Amphibians are semi-terrestrial cold-blooded vertebrates without body scales. They have metamorphic life cycles, transforming from eggs to larvae and finally into their adult forms. Mexico has 366 documented amphibian species, with 3 formerly present species already having gone extinct. The remaining species offer a rich and unique diversity regarding their behaviors, features, adaptations, and feeding patterns. Due to illegal logging, shifting agricultural practices, persecution of species and predation, these Mexican amphibians have been put at risk in their population with some attaining the critically endangered status.
Mountain Stream Siredon (Ambystoma altamirani)
The mountain stream siredon is in the family of mole salamanders. It is mainly found in central Mexico in the Valley of Mexico, as well as Southern Distrito Federal and northwestern Morelos in isolated populations. It metamorphoses and develops adult features such as nostrils and lungs for breathing. Some adults remain in water throughout their life while some are partially terrestrial returning to ponds to breed. The siredon occupies ponds of high elevations about 2700 to 3200 meters within pine or pine-oak woodlands with terrestrial adults occupying pasture lands. The adults have well developed coastal groves and are well patterned, a flattened body with a broad head and a large mouth as well as a rounded tail that appears compressed. The species grows up to 115 millimeters in length. The species is critically endangered due to severe population decline due to extensive habitat destruction.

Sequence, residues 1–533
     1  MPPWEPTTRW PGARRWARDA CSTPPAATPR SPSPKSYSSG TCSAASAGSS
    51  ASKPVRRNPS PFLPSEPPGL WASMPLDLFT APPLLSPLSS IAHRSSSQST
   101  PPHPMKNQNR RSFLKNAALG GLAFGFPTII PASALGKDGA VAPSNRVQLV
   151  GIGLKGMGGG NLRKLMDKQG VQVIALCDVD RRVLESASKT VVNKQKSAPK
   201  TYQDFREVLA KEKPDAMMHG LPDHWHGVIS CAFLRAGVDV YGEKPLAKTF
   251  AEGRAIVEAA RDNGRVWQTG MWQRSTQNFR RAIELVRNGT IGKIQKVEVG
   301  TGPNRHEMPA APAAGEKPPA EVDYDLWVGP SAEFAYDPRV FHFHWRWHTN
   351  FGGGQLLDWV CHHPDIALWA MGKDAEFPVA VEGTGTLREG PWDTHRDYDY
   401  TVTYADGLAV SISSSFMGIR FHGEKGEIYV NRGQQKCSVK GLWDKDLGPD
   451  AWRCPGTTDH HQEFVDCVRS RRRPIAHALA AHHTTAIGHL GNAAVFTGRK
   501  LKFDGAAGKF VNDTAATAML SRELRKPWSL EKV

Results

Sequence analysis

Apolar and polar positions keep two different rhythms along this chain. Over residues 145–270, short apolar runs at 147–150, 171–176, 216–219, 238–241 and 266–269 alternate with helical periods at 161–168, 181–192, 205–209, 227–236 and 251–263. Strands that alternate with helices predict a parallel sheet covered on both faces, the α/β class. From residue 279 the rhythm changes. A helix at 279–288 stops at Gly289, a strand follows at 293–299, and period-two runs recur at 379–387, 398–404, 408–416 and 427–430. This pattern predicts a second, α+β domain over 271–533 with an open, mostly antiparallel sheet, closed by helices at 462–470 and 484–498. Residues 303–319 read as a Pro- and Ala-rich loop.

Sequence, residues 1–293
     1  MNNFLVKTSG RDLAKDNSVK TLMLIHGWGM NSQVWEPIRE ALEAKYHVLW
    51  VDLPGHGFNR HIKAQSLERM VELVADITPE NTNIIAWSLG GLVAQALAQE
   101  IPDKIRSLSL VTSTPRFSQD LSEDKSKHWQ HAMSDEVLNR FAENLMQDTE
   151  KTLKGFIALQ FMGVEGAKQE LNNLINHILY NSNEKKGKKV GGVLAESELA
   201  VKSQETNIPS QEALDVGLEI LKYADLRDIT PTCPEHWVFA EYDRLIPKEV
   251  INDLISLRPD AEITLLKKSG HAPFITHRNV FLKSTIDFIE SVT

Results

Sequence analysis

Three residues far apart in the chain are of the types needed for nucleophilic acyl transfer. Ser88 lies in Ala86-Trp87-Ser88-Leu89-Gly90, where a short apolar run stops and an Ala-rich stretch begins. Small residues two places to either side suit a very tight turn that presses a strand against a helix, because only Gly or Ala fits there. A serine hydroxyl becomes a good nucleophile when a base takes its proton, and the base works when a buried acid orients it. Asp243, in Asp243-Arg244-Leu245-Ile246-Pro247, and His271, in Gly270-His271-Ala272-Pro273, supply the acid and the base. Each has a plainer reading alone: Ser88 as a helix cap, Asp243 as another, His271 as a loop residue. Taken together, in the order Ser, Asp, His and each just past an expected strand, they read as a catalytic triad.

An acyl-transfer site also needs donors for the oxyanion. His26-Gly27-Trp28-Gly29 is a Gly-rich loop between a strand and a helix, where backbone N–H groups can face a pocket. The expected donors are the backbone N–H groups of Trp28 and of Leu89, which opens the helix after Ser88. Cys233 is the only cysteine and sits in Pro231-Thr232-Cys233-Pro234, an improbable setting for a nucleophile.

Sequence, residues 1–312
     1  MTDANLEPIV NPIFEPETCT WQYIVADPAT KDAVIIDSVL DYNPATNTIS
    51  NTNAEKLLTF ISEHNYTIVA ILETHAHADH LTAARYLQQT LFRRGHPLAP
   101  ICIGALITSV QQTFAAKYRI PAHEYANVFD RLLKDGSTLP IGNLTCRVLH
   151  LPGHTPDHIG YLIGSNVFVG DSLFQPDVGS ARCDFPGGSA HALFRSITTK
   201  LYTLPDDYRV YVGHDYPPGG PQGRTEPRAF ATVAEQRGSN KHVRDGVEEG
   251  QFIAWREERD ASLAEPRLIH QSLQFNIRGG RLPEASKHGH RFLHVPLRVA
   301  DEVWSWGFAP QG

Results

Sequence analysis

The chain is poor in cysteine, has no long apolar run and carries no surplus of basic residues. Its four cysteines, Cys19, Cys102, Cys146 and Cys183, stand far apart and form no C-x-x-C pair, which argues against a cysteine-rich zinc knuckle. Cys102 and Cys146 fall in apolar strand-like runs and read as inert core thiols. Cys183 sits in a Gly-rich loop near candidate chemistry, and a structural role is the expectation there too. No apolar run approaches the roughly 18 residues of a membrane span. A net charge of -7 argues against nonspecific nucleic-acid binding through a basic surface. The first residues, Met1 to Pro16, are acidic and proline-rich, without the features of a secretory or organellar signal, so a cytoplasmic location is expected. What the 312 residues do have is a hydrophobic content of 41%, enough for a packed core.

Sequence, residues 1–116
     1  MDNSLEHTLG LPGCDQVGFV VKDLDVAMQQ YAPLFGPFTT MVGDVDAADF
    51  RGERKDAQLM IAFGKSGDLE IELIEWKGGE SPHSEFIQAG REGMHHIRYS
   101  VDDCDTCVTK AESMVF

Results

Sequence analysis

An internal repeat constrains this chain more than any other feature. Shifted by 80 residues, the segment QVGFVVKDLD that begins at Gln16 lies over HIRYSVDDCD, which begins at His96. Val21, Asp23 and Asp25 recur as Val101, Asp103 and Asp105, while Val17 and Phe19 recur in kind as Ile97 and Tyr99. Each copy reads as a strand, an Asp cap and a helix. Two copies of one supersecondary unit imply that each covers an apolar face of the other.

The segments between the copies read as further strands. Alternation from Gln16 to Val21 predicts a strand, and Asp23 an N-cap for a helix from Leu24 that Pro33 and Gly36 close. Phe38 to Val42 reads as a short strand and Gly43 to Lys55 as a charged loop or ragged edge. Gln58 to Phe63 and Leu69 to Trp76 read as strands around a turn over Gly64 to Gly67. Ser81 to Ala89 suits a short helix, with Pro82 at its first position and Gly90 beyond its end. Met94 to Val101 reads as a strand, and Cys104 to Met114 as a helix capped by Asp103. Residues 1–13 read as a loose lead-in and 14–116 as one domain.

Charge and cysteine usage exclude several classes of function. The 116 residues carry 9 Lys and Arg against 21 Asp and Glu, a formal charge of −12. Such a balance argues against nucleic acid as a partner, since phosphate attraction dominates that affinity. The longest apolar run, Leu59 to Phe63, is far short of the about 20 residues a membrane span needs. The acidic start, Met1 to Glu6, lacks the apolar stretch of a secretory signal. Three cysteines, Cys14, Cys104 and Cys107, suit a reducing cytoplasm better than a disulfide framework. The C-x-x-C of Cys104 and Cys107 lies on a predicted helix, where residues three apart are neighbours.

Western Toad (Anaxyrus boreas)
The western terrestrial toad is native to western North America. The toad has a dusky gray or greenish skin with a white or cream dorsal stripe. The toad occupies Rocky Mountains, groves, and riparian forests. The western toad is diurnally active in low altitudes sometimes hibernating in the winter in high altitudes. They lay eggs in water after which metamorphosis for hatched eggs occurs within three months. The toads stay hidden during the day on the forest floor, in the soil under rocks, logs stumps or rodent burrows. They feed mainly on bees, beetles, ants, arachnids, crayfish, sowbugs, and grasshoppers. The species is near threatened due to predation by fish, reptiles, amphibians, mammals, and birds and contamination of the environment by agricultural chemicals.
Conservation of Mexican Amphibians
Other amphibians in Mexico include the lesser siren, hourglass tree frog, arboreal salamander, highland frog, black-spotted newt, and the spotted chirping frog. Regarding conservation of these species, steps that have been taken include implementation of conservation laws and policies and the demarcation of designated protected areas.
|Native Amphibians of Mexico||Scientific Name|
|Mexican Burrowing Caecilian||Dermophis mexicanus|
|New Mexico Spadefoot Toad||Spea multiplicata|
|Mountain Stream Siredon||Ambystoma altamirani|
|Western Toad||Anaxyrus boreas|
|Lesser Siren||Siren intermedia|
|Hourglass Tree Frog||Dendropsophus ebraccatus|
|Arboreal Salamander||Aneides lugubris|
|Highland Frog||Lithobates maculatus|
|Black-Spotted Newt||Notophthalmus meridionalis|
|Spotted Chirping Frog||Eleutherodactylus guttilatus|